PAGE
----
Clay labouring families at Roche

Roche in mid-Cornwall is on the northern edge of the clay country. At the time the children in our database were born in 1850/51 the extraction of clay was only just beginning to scar the landscape. The creation of the white mountains of the clay country and the sterilisation of many square miles of countryside was yet to arrive. In 1861 there were still twice as many miners and tin streamers in the parish as clay labourers although the latter already amounted to a sizeable 20 per cent of the workforce.

Roche Rock with its chapel, built just after 1400

Three of the children from Roche in the Victorian Lives database grew up in clay labouring families. What happened to them? The first was Luke Thomas at Criggan Downs. His father had switched from tin streaming to clay labouring in the 1850s, a move we’ve already come across at Luxulyan on the eastern edge of the clay district. Luke was a clay labourer by the time he was 11 years old. After marrying Deborah Strickland in 1875 the couple had sufficient reserves to run a grocery store in the village of Bugle in neighbouring St Austell parish and even employ a domestic servant to help them. 

We might be forgiven for thinking the store hadn’t succeeded as by 1891 and 1901 Luke was recorded in the census with the sole description of clay labourer. But in 1911 he was again describing himself as a shopkeeper. In fact, with an address as the Post Office, Bugle and two sons employed as postman and telegraph messenger he was the village sub-postmaster. The shop must have been run by Deborah and not mentioned in the census, as Luke appeared consistently in the trades directories as the sub-postmaster for the village from 1883 onwards.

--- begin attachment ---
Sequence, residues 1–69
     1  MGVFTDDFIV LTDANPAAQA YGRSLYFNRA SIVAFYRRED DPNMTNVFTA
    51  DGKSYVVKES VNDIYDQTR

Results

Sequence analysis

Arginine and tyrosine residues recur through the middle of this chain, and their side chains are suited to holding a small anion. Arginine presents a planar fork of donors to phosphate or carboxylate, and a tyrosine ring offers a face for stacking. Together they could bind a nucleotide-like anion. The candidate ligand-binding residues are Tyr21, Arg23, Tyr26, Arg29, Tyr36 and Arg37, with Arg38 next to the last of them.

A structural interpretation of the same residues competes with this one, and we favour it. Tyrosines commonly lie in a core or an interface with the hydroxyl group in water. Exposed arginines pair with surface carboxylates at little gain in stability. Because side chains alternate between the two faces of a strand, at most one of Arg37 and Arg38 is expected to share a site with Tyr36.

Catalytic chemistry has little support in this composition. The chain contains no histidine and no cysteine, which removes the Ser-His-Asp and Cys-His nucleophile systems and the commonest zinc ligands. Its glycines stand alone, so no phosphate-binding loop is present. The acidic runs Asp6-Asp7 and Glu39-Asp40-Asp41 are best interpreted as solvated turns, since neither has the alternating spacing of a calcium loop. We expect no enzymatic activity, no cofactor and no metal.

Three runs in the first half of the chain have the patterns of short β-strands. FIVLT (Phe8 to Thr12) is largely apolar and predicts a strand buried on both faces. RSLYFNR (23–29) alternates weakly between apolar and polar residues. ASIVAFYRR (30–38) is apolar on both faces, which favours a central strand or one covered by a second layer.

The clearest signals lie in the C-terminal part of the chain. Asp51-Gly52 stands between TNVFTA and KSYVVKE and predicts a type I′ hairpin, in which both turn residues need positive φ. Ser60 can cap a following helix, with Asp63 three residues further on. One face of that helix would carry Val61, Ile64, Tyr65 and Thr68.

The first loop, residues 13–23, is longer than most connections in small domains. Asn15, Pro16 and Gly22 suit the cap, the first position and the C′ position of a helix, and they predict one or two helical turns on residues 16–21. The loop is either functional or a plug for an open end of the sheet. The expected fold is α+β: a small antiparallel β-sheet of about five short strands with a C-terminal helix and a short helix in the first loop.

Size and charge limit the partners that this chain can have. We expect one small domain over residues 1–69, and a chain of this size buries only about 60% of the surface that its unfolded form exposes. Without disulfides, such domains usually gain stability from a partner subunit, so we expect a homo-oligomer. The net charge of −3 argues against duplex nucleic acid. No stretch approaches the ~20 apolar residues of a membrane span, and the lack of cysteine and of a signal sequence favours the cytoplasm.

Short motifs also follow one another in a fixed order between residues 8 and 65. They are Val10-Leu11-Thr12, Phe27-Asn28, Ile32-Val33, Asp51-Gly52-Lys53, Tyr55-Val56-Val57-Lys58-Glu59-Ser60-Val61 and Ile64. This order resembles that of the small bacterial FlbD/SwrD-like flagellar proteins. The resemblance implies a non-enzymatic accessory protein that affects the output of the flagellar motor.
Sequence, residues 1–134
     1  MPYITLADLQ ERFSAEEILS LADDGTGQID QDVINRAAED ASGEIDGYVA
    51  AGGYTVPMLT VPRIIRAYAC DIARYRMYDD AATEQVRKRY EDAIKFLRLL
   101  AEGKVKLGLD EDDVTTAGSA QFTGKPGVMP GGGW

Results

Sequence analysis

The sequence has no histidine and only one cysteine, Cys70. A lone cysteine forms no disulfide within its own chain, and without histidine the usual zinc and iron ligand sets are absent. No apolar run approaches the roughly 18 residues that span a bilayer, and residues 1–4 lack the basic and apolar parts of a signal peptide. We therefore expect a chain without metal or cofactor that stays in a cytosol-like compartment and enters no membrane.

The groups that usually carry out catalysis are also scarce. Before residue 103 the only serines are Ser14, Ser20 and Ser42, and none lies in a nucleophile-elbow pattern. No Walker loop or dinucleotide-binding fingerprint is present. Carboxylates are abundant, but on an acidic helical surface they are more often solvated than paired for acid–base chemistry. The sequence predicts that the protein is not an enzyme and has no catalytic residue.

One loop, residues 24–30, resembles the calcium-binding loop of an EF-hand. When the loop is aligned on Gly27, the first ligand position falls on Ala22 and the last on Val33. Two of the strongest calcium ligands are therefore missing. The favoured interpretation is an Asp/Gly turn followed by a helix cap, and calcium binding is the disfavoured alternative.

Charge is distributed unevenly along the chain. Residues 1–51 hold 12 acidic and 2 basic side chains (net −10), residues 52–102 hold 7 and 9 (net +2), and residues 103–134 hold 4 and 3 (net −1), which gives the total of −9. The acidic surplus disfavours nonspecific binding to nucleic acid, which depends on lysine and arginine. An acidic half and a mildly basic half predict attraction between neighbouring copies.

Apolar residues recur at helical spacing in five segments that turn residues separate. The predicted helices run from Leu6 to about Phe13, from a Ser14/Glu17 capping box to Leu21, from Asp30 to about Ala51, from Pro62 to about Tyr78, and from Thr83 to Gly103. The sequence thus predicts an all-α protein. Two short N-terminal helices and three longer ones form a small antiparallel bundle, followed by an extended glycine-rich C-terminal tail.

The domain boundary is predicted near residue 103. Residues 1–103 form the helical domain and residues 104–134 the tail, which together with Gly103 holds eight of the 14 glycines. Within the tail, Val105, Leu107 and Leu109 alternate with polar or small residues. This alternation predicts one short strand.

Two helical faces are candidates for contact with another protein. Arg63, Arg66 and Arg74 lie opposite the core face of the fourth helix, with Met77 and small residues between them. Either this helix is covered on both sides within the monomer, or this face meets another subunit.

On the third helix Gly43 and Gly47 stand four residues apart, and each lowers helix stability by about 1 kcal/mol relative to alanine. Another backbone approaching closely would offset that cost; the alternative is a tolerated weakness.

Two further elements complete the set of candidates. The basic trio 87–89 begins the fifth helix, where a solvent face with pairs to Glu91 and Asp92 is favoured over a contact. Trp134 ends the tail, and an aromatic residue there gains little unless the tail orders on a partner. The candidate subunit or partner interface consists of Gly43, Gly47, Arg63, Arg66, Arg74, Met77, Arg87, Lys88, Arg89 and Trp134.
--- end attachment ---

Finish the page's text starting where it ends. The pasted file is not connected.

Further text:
Luke Thomas’s entry in the 1914 trades directory. At first, the new village of Bugle was also called Carnsmerry

The other two from clay labouring families both ended up emigrating. Richard Hancock had actually been born in the Channel Isles at Jersey where his father worked for almost a decade at a quarry. Returning to Cornwall in the late 1850s he turned to clay labouring, as did his son in the 1860s. However, in 1885 Richard married Catherine Lamerton and the couple left for Butte, Montana, where Richard was a miner in 1890. He died at Butte in 1914.

Ann Thomas

Ann Thomas was another emigrant. Her father had been a clay labourer at Tresays in Roche. In 1871 Ann married John Williams from St Breock and the pair departed for New Zealand in 1878 on a steamship from Plymouth as assisted migrants. They arrived at Canterbury on New Zealand’s South Island in early 1879 and she was still living there in 1890.

One thought on “Clay labouring families at Roche

  1. For me this was a fantastic article as the info about the Thomas family from Bugle was most interesting..My mother was a Thomas from Bugle.Her after was Victor Walwin Thomas and his brother Cecil ran the Post office in Bugle.My grandad Victor gave small tie pin that originated from New Zealand hence I now know how that was possible with the family connection.Any more information would be most interesting for me.


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